2nd Regiment Cadets tested on land navigation for Cadet Summer Training (CST) at Fort Knox, Ky., on June 6, 2022. 

Staff Sgt. Lana Bansbach, with the 2nd Battalion of 319th Regiment, has been working on land navigation for five years. She said the Cadets receive different points to find. They get different lanes, which could be a mixture of similar points or different points to other Cadets.  

A U.S. Army Cadet plots a point on his map during land navigation at Fort Knox, Ky., on June 6, 2022. Cadets are required to find at least three out of four points to pass their test. | Erinn Finley, CST public Affairs.

Cadets worked to find four points using minimal equipment. Cadets had four hours to find three out of the four points to pass the test.  Cadets could not ask each other for help and had to navigate to the points on their own. 

 “Today they are testing on land navigation, which is they are given a set of four points that they have to navigate towards using limited equipment,” Bansbach said. “They have a map, a protractor that’s able to plot their points and a compass which then will give them the degree direction of where to go, which we call an azimuth.” 

Bansbach said the land navigation training works on a three-day rotation. She said the Cadets should be familiar with land navigation before they arrive.

The first day of the rotation, Cadre help Cadets verify their compasses, update their pace count and complete a practice test. The next day is the actual test where Cadets have to find their points. The third day serves as a retest day if necessary. 

When a Cadet found one of their points, they had to make a note of the point’s number on their scorecard. Small hole punches were attached to the points, which the Cadets used to mark their scorecards to show they had been there.

A U.S. Army Cadet studies a map during his land navigation test at Fort Knox, Ky., on June 6, 2022. Cadets used maps, compasses and protractors to complete the test, which they have to pass for Cadet Summer Training. | Erinn Finley, CST Public Affairs Office.

Bansbach said the training helps Cadets in following directions, retaining information, applying knowledge and critical thinking. She said land navigation is important in the field because Soldiers do not always have access to technology to help them navigate. 

Cadet Kaden Earley attends the Indiana University of Pennsylvania. Earley said this is his first year at the CST Advanced Camp. He said the first few days were rough as he got used to everything, but as the days progressed, things became more fun. 

Earley said land navigation went great for him and he found all four points. He said he hopes to receive a RECONDO badge, a badge for exemplary performance during training, and he is waiting to see his score on his written land navigation test.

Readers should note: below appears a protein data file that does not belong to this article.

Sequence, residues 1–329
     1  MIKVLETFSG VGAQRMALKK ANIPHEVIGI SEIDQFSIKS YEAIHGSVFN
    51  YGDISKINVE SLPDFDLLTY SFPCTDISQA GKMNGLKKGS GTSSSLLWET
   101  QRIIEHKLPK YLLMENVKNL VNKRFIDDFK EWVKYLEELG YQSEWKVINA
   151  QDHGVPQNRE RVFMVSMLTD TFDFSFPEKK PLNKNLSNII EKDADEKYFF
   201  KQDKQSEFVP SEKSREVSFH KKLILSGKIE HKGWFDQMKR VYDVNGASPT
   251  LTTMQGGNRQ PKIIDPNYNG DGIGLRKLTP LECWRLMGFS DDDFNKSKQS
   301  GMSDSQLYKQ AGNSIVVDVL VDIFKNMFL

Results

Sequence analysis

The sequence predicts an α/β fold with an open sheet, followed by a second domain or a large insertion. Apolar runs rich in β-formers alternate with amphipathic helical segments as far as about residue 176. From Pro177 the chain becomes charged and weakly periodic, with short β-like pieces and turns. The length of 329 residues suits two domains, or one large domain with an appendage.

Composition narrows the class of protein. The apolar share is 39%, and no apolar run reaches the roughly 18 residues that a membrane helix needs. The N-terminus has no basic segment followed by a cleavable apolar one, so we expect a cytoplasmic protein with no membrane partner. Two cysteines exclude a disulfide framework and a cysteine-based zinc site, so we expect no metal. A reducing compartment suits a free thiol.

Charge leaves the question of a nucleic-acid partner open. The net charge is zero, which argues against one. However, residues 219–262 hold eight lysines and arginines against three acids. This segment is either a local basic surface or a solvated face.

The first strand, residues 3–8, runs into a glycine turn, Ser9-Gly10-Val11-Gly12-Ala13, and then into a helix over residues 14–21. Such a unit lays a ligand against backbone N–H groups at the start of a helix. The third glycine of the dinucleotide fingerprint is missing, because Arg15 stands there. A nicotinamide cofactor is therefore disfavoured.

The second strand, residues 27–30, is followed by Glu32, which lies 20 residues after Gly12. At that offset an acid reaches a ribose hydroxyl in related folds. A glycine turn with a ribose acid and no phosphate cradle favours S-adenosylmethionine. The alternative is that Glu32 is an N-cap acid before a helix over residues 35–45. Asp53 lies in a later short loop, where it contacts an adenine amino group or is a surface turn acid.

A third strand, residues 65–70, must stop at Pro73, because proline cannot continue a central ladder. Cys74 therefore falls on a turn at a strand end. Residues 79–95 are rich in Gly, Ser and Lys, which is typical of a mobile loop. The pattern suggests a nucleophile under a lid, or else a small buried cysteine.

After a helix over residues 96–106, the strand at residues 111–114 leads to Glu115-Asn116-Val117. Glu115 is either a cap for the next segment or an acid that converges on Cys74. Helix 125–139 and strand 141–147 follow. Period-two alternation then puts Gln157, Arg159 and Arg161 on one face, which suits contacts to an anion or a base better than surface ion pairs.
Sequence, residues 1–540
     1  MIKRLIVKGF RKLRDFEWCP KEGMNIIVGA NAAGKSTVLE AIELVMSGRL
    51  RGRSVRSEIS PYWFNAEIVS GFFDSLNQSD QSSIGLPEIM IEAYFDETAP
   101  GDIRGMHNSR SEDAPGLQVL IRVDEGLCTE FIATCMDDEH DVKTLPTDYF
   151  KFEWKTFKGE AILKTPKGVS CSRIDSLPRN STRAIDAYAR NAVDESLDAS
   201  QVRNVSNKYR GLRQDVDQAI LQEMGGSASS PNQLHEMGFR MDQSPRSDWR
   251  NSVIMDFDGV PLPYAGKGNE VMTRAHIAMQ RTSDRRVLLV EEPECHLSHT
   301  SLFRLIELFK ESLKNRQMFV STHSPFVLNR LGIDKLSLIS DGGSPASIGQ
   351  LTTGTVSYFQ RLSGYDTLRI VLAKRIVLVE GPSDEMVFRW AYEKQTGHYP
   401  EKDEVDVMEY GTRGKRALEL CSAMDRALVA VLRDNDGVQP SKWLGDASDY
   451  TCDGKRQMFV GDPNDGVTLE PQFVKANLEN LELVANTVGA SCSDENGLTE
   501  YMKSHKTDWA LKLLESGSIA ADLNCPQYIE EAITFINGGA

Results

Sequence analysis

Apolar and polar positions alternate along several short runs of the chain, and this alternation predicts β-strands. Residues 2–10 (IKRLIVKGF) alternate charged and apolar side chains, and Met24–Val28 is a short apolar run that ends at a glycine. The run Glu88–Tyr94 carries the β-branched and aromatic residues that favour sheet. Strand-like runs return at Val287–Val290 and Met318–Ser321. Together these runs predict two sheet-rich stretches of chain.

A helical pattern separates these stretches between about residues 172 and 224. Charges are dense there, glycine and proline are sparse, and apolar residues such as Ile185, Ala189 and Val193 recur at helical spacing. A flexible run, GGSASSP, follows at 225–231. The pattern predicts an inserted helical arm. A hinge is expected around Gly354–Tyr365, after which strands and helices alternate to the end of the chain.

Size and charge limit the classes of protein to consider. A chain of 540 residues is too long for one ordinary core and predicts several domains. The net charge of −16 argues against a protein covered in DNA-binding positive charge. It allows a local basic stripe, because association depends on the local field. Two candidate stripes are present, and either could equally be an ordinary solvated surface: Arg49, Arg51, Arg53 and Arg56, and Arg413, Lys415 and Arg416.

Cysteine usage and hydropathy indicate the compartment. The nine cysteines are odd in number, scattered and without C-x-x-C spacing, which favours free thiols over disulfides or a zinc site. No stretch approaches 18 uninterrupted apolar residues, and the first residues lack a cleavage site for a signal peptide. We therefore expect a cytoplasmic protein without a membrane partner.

Earley said he exceeded his expectations for himself, which felt good. 

“It’s kind of energizing because I found my first points in the first hour, hour and a half,” Earley said. “So, it was like ‘okay, cool, I can do this, I can keep going’ and my last one was a little difficult, but once I found that it was just a huge sigh of relief that I could get it.” 

Earley said for land navigation a Cadet gets a general set of coordinates, he has to plot them on his map and determine the best route to those points. He said looking at the terrain is important, seeing how easy or difficult it is and what areas should be avoided. 

“Overall land navigation in and of itself is something that is very crucial to the Army and doing what we do,” Earley said. 

U.S. Army Cadets wait after completing their land navigation test at Fort Knox, Ky., on June 6, 2022. Cadets had four hours to complete the test, but Cadets finished at different times throughout those hours. | Erinn Finley, CST Public Affairs Office.

Cadet Kiley Sowa, from Olivet Nazarene University in Illinois, said land navigation went well for her. 

“Definitely the refresher we had last night helped me a lot and I found three out of four points today so, I definitely got a go,” Sowa said. “You know, some of them [the points] are off the road, but some of them weren’t, so it was definitely a challenge for someone who really isn’t good at land navigation like me but, I had a lot of fun, and it was good.”

About the Author: Erinn Finley
Erinn Finley
Erinn Finley is a senior at Murray State University majoring in journalism. She enjoys writing, reading, travel and photography. She worked for the student newspaper at her campus to further her writing skills outside of the classroom. During the Cadet Summer Training internship, she hopes to further her photography and writing skills.